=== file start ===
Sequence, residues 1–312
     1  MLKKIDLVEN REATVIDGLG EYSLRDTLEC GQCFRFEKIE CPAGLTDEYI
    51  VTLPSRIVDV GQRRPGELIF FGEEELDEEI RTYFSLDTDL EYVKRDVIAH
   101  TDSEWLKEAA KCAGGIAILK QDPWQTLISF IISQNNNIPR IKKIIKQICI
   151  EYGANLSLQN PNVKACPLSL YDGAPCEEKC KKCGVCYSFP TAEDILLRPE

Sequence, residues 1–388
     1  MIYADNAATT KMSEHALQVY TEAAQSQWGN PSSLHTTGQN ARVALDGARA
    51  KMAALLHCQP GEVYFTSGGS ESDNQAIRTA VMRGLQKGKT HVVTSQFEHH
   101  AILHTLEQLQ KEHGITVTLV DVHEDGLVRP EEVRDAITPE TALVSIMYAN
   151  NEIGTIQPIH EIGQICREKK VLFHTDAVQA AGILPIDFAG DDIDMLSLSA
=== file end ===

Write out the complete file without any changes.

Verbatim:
Sequence, residues 1–312
     1  MLKKIDLVEN REATVIDGLG EYSLRDTLEC GQCFRFEKIE CPAGLTDEYI
    51  VTLPSRIVDV GQRRPGELIF FGEEELDEEI RTYFSLDTDL EYVKRDVIAH
   101  TDSEWLKEAA KCAGGIAILK QDPWQTLISF IISQNNNIPR IKKIIKQICI
   151  EYGANLSLQN PNVKACPLSL YDGAPCEEKC KKCGVCYSFP TAEDILLRPE

Sequence, residues 1–388
     1  MIYADNAATT KMSEHALQVY TEAAQSQWGN PSSLHTTGQN ARVALDGARA
    51  KMAALLHCQP GEVYFTSGGS ESDNQAIRTA VMRGLQKGKT HVVTSQFEHH
   101  AILHTLEQLQ KEHGITVTLV DVHEDGLVRP EEVRDAITPE TALVSIMYAN
   151  NEIGTIQPIH EIGQICREKK VLFHTDAVQA AGILPIDFAG DDIDMLSLSA